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Ocular Cryotherapy

The Chilling Effectiveness of Ocular Cryotherapy

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The use of cold temperatures to treat conditions affecting the eyes or eyelids is known as ocular cryotherapy. Cryotherapy has been utilized in the ophthalmology field since the mid-1960s, and Keeler Ophthalmic Instruments has been a leader within the space since 19670.

Outside of cataract extractions, and retinal conditions, ocular cryotherapy is typically used for surface procedures — where the actual cryoprobe is applied to the eye or eye lid without making any type of incision. Since ocular cryotherapy doesn’t require tissue incision, it’s considered to be a safer and less invasive type of procedure. The application of cryotherapy is primarily based on the changes of the tissue caused by subfreezing temperatures.

At Keeler, we take an infinite amount of pride in our continued ability to provide ophthalmic surgeons with reliable Cryo Systems, such as the Cryomatic Console MKII. Let’s take a closer look at how ocular cryotherapy works and some of the most common applications.

How Does Ocular Cryotherapy Work?

Cryotherapy requires a cryogen or an extremely cold substance as well as a system of delivery to transfer the cold to the target tissue. Some of the most common cryogens used today include:

  • Freon or liquid argon that has a boiling temperature of –35°C
  • Liquid nitrogen that has a boiling temperature of –196°C
  • Carbon dioxide snow that has a boiling temperature of –79°C

These substances are typically applied to the tissue through a cryoprobe. The cryoprobe is a closed system that circulates the cryogen inside of a metal probe, and the freezing probe is effectively applied to the tissue.  The basic physical principle is the Joule-Thomson effect is that when a gas such as compressed carbon dioxide or nitrous oxide gas is expanded suddenly to pressure of the atmosphere, a quick drop in temperature results.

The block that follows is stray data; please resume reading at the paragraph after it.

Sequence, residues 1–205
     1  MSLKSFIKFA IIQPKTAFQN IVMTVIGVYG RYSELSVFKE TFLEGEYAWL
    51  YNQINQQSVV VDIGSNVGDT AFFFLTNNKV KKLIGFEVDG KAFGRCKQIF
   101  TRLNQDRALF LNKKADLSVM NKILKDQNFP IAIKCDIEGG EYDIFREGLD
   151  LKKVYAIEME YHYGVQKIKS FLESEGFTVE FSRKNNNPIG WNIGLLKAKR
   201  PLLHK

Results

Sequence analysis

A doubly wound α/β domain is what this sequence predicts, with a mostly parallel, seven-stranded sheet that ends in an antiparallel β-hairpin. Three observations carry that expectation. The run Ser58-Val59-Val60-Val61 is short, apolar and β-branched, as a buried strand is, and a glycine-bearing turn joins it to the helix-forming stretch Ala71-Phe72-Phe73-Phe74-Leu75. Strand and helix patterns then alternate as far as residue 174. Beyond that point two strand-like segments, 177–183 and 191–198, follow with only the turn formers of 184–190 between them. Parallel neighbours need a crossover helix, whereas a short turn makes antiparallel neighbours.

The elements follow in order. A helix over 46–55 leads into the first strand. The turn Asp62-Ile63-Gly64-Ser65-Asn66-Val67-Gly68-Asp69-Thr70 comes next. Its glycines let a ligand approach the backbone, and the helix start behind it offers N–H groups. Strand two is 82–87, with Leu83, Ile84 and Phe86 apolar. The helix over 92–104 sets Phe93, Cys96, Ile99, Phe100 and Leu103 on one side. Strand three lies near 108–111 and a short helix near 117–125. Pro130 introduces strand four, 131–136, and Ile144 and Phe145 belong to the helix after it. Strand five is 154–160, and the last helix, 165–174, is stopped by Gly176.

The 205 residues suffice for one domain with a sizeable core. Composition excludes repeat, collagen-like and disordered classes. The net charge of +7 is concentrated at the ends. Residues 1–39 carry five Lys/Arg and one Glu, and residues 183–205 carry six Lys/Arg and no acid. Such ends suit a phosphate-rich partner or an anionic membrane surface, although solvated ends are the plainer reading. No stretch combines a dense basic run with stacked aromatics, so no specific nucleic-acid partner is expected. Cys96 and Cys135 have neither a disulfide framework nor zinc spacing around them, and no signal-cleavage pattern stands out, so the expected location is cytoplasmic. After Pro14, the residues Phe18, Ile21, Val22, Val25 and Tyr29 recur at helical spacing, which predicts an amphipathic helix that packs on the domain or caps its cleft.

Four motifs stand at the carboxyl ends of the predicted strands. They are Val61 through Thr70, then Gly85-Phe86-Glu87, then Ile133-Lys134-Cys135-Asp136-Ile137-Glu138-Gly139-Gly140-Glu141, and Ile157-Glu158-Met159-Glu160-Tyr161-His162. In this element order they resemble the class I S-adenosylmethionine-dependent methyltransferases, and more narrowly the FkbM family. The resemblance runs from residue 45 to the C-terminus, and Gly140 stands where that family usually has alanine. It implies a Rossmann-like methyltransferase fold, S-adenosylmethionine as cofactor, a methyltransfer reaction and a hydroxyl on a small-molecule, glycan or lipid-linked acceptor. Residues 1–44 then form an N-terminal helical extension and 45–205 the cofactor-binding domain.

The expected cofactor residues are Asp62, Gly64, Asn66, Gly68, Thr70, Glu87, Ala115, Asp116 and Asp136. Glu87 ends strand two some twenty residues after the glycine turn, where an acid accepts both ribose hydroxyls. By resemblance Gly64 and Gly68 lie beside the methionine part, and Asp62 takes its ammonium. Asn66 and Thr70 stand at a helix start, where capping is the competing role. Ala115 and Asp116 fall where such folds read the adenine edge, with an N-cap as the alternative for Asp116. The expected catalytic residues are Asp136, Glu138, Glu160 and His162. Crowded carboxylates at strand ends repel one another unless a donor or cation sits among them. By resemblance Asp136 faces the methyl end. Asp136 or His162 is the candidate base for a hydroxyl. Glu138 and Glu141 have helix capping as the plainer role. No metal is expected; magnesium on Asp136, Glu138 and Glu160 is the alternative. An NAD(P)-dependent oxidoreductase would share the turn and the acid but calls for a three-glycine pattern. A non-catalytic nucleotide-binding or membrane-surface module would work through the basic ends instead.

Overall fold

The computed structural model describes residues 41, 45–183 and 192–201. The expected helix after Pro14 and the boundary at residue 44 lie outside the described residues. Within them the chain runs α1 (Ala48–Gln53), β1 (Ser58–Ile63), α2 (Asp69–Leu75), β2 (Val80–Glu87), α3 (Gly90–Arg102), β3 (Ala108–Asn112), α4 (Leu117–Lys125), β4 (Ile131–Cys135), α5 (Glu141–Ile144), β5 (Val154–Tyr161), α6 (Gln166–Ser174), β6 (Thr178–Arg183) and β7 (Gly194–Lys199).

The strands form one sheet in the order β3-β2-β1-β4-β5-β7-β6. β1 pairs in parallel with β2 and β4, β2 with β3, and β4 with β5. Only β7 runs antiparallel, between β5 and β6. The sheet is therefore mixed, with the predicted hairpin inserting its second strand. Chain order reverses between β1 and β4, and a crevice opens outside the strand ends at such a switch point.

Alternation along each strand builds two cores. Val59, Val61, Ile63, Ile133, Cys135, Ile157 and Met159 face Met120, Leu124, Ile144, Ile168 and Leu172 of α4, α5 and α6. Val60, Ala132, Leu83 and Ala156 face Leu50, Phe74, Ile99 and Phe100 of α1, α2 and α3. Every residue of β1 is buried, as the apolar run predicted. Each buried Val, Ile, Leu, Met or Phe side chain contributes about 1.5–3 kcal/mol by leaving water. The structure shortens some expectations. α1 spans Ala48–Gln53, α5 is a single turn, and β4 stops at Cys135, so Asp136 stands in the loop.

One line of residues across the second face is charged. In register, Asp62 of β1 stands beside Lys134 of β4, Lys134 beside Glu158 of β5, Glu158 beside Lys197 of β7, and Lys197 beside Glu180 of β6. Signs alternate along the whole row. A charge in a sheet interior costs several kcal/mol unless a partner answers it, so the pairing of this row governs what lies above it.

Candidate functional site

As living tissue is exposed to freezing temperatures, it responds with the formation of ice within the cells and within the additional fluid surrounding the cells. It also results in the formation of ice within the small blood vessels, which interrupts the supply of blood to nearby cells. These factors work to destroy living tissue through necrosis and ischemia. Also, inflammation is induced as a direct response to the death of cells.

Cryoextraction of Cataracts

The first well-accepted ocular cryotherapy use was the cryoextraction of cataracts. Prior to cryotherapy, cataract surgery was conducted through the complete removal of the cataractous lens via a 10-12 mm incision. Because the lens was physically grasped with either a suction device or capsule forceps, lens breakage was very common. However, when the cryoprobe was used for extracting lenses in the mid-1960s, it quickly became the standard and the most widely used method of extraction in the 1970s.

Retinal Cryopexy